Thor, God of Thunder

Thor is the Norse god of thunder, also associated with oak trees, strength, protection and fertility. ‘Thor’ comes from the Germanic word for ‘thunder’, thus he is associated with thunder, lightning and storms. He is often viewed as a fierce warrior with red hair, a red beard, and eyes like lightning. He is likened to the Greek hero Heracles through his strength and skill in battle, as well as the Roman god Jupiter and Teutonic god Donar.

Thor was the son of Odin through the jötunn (giant) Jord, however his mother was also thought to be the earth goddess Fjörgyn. He was married to fertility goddess Sif, whose long golden hair was cut by the trickster god Loki. Thor’s mistress was the giant Járnsaxa (“iron cutlass”), which whom he had sons Magni and Modi, and daughter Thrud.

Thor’s home was Bilskinir, located in the region of Asgard called Thrudheim / Thrudvangar (“place of might”).

It was thought that Thor rode through the heavens on his chariot pulled by two goats, Tanngrisnir and Tanngnjóstr, which was responsible for the sound of thunder during a storm. The lightning bolts, called Thorsviggar, were produced when Thor threw his large hammer Mjölnir. Thor also wore a belt of strength named Megingjardir, iron gloves named Járngreipr, and carried the staff Gríðarvölr.File:Mårten Eskil Winge - Tor's Fight with the Giants - Google Art Project.jpg

Thor was responsible for the protection of mankind as well as protecting the Aesir gods from the frost giants. He was involved in several fierce battles, especially with his greatest enemy, the Midgard serpent named Jörmungandr. On the day of Ragnarök, the end of the world, Thor will finally defeat his enemy, however later die from its poison.File:Thor's hammer, Skåne.svg

Thor is very popular in Germanic and Norse mythology, and his hammer was seen as a symbol of defiance of the Christianization of Scandinavia. He was worshipped especially in Uppsala, where his father Odin can be seen standing at his right side. Some suggest that Thor surpassed Odin in popularity due to the fact that worship of Thor did not require human sacrifice.

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The day Thursday bears his name (“Thor’s day”), just as Týr/Tiu was the namesake of Tuesday, Odin/Woden was the namesake of Wednesday, and Frejya (or Frigg, according to some sources) was the namesake of Friday.

© A Year And A Day (2013)


Triple Goddess

There are many forms of triple, tripartite or threefold deities in ancient mythology.  Some are seen as a triad who always appear in a group (such as the Norse Norns, the Greek Fates, or the Roman Matres), while some are seen as a single deity having three aspects (such as Greek Hecate).

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For example, Brigid is seen as a triple goddess in Irish mythology, functioning as the patron of poetry, healing and smithcraft.  The Irish Morrígan is also seen in triplicate, as Badb, Macha, and Nemain.  Triple deities are not constrained to goddesses, as seen through the association of Celtic Lugh with Gaulish gods Esus, Toutatis and Taranis.

Many Wiccans see the Triple Goddess as Maiden, Mother and Crone.  The Maiden represents youth, new beginnings, purity, virginity, independence and innocence.  The Mother represents ripeness, fertility, sexuality, stability, protection and growth.  The Crone represents old age, wisdom, change, endings, transformation, banishing, death and rebirth.

These aspects also follow the phases of the moon, with the Maiden corresponding to the waxing phase, the Mother with the full moon, and the Crone with the waning moon.  The fourth phase, the New Moon, can be seen as the Dark or Unseen Goddess.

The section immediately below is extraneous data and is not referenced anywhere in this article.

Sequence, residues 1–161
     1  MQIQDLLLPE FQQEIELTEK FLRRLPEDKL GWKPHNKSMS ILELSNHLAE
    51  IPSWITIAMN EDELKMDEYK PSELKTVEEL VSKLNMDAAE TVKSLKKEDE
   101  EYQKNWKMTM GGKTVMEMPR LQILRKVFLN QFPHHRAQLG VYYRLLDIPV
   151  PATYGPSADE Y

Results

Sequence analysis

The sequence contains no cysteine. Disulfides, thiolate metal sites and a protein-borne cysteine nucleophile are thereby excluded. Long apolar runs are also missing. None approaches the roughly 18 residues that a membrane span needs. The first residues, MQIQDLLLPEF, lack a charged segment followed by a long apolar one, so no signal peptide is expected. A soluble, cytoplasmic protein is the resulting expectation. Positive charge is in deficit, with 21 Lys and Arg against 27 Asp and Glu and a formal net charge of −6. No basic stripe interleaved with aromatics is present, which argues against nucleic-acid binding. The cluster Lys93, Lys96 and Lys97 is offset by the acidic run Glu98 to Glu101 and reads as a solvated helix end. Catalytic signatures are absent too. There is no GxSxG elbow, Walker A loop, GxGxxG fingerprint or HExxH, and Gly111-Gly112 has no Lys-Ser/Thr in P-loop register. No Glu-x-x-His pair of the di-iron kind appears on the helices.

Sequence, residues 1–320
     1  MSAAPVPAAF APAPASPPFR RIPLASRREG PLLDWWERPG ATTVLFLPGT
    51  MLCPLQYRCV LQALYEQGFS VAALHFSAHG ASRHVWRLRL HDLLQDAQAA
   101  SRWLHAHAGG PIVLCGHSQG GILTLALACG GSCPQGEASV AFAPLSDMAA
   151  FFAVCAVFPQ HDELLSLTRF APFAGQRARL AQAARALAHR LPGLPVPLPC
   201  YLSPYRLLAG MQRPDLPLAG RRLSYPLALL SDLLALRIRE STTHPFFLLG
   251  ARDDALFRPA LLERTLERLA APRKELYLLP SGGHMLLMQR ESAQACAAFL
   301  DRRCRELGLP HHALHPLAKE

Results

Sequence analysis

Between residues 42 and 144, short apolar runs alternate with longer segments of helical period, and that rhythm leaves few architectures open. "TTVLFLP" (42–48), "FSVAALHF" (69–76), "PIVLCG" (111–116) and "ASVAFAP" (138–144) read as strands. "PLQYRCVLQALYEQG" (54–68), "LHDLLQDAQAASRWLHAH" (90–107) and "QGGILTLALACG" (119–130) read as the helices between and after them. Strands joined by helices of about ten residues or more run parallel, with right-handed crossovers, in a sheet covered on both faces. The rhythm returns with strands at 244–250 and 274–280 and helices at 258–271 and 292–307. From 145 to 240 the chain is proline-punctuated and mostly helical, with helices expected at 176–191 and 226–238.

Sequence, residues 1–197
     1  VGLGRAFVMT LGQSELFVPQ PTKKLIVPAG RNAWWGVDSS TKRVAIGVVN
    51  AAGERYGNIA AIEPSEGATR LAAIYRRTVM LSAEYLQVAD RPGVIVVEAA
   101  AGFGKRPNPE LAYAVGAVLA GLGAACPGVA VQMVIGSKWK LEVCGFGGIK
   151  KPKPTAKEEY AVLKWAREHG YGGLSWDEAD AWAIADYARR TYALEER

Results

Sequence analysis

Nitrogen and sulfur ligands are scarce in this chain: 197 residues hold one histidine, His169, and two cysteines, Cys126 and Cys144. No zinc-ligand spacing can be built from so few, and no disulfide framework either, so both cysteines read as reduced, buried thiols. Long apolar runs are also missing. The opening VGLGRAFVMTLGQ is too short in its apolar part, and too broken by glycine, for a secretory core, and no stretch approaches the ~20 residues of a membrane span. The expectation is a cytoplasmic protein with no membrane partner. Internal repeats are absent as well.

This Triple Goddess concept can be associated with the Greek moon goddesses; Artemis, virgin Goddess of the Hunt, Selene, Goddess of the Moon, and Hecate, Goddess of the Underworld.

It has been disputed as to when the traditional ‘Maiden-Mother-Crone’ concept first appeared.  Robert Graves wrote about the Maiden-Mother-Crone Triple Goddess as well as their lunar associations in his book The White Goddess (1948).  However historian Ronald Hutton insists that there was no mention of a Maiden-Mother-Crone goddess figure in ancient mythology.  Robert Graves could have reinterpreted the traditional 3×3 goddesses of Greek and Roman origin, represented by three maids, three mothers or three crones.

Whatever its origin, the Triple Goddess concept in Wicca can help us relate to our different aspects and remind us we are part of a greater whole.  Each stage of a woman’s life cycle represents a way we can embody the Goddess and make the physical body sacred, which is not present in traditional patriarchal religions.

Wiki – Triple Goddess, Triple Deity
Wicca For The Rest of Us – Triple Goddess

© A Year And A Day Wicca (2013)

Persephone, The Maiden

Persephone is a Greek vegetation goddess, daughter of Zeus and the harvest goddess Demeter (Roman Ceres).  Also known as Kore or Proserpina, she was also Goddess of the Underworld.

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Demeter searched for nine days for her daughter, however was told by Helios what had really happened.  Hades had abducted Persephone, with the permission of Zeus, and brought her into his Underworld realm to be his bride.  Demeter, angry and grief-stricken, rejected the world of the Gods, and withheld her gifts of fertility so that no crops grew.

Zeus finally gave in and commanded Hades to release Persephone.  Unfortunately, Persephone had eaten some pomegranate seeds while in the Underworld, which bound her to remain in that realm.  As a compromise, Persephone was allowed to spend part of the year with her mother on earth.


It is thought that the time Persephone spent with her mother was a time of joy, where Demeter would allow the earth to bloom with flowers and life.  However the time when Persephone was in the Underworld, the world was dark with very little growth and life, acknowledging Demeter’s pain and suffering.  This represents the seasons, the bountiful spring and summer, and the dark bleak winter.  Through this, Persephone/Kore was called ‘the Maiden’ and represented spring’s bounty.